I think the Raspberry will be good enough to measure sub Giga frequencies, like 433mhz wireless signals, low speed CPU bus communications, TTS/UART, I2C debugging- not much more really. And the higher frequencies will not be really accurate, as by design the Raspberry does not run realtime OS. So you will need to start with the OS (or as mentioned external realtime devices- But what is the point then? )

But if you really wanted to measure signals, then you can buy a really good and fairly priced device that is on par with the Raspberry specifications. But is already designed well, full of features, really mature in design and proved it self to be handy in a hobbyist environment.

There No need to re invent the wheel here. For example a DSO Nano for under 100USD single channel.

enter image description here

A DSO Nano Quad Channel for under 200USD

enter image description here

And then, what a Raspberry or similar device CANNOT DO!

And cost a small fortune ...

enter image description here

  • Upto 110Ghz, with hard drive to store data, extremely precise, simulations and triggers.
  • Measures Buuetooth, WCDMA/EDGE/3G/4G, Wireless A/B/G/N 2.4Ghz/5Ghz, SATA, AGP/PCI/PCI-Express, Raw Satellite signals, Hard drive head channels, Ethernet, etc, etc ...
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I could make my RPi LOOK like the Rohde&Schwarz, would be a nifty, maybe somewhat over the hill, case mod :-) –  ikku Jan 29 '13 at 12:56
    
LOL! That will be a sight for sore eyes :) –  ppumkin Jan 29 '13 at 12:58

You could connect one of our TiePie engineering Handyscope HS5 oscilloscopes/arbitrary waveform generators to the USB port. A library compiled for the Raspberry Pi to use one or multiple oscilloscopes simultaneously is available for download. The instrument uses its own timing and memory, so there is no performance loss. So yes, the Pi is powerful enough for an oscilloscope project.

Handyscope HS5

Key specifications of the oscilloscope: 2 channels, 14 bit, 500 MS/s, 250 MHz bandwidth, 20 MS/s 14 bit continuous gap free streaming, 32 MS memory per channel, 1 ppm time base accuracy.

Key specifications of the Arbitrary Waveform Generator: 1 µHz to 30 MHz waveforms, 240 MS/s, 14 bit, 64 MS memory, -12 to 12 V output (24 Vpp), 1 ppm time base accuracy.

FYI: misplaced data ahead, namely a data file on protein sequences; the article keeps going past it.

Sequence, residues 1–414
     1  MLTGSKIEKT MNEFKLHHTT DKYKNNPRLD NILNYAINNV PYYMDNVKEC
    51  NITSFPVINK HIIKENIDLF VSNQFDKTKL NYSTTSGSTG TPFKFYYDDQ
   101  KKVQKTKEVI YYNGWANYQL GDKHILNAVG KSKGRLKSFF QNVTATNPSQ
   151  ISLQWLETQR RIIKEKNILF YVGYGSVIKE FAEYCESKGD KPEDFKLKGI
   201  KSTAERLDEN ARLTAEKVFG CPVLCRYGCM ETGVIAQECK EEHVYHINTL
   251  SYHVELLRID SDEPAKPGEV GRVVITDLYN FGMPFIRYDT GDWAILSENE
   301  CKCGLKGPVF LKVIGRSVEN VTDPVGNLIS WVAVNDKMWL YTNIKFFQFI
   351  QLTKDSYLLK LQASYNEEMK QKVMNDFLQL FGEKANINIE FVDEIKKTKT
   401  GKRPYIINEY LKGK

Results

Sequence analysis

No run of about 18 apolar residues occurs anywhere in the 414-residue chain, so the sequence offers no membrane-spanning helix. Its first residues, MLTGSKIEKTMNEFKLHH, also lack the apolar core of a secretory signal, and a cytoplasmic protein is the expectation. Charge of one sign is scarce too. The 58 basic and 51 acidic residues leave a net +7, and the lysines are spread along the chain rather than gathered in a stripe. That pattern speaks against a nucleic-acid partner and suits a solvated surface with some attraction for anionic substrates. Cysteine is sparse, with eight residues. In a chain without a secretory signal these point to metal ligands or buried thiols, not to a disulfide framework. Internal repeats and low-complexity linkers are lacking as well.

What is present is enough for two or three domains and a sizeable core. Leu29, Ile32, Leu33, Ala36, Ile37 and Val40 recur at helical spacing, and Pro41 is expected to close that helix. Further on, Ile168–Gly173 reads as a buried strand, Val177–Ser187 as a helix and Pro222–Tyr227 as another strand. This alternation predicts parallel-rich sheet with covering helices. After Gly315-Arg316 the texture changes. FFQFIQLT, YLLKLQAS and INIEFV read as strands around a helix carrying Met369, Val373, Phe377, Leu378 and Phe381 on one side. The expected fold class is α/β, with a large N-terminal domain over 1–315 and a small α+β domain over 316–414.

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Hello. In the future please disclose your affiliation with the product you are advertising. Thank you. –  Bryan Dunsmore Jan 29 '13 at 12:16
    
Bly me! Look at the prices! Looks like nice products though. Not in my budget range. –  ppumkin Jan 29 '13 at 13:59
    
Was not aware of affiliation disclosure necessity. Changed text to indicate I am affiliated with TiePie engineering. –  Marthein Jan 30 '13 at 10:12

Your best chance is to try if sigrok and it's frontend libsigrok can be compiled on Pi, and then buy some compatible oscilloscope hardware. That way you can grab signals up to 24 mega samples per second. With enough knowledge you can customize the software any way you want, including wireless transmittion to mobile devices.

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If you don't mind being limited to audio frequencies, I use an inexpensive MCP3202 12-bit dual channel A/D converter to acquire on the pi with spidev, and pydatascope to display data passed over Ethernet via TCP socket. Pydatascope also acts as a spectrum analyzer!

I made relatively trivial changes to the pydatascope open source code to have dual channels, mostly because it was easy and not that I really needed it.

Post follow-ups or mail me directly if you have any questions, I'll be glad to help out.

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You are using my copyrighted image without permission. Please remove the copyrighted image from your web site. –  James Phillips Jan 16 at 0:44
    
Thank you for your answer @James Philips. I removed the image from your answer. It is waiting to be reviewed. Note that I am not the one who added it. Can you provide your site's address which contains the image for those who are interested to see? –  niw3 Jan 21 at 10:48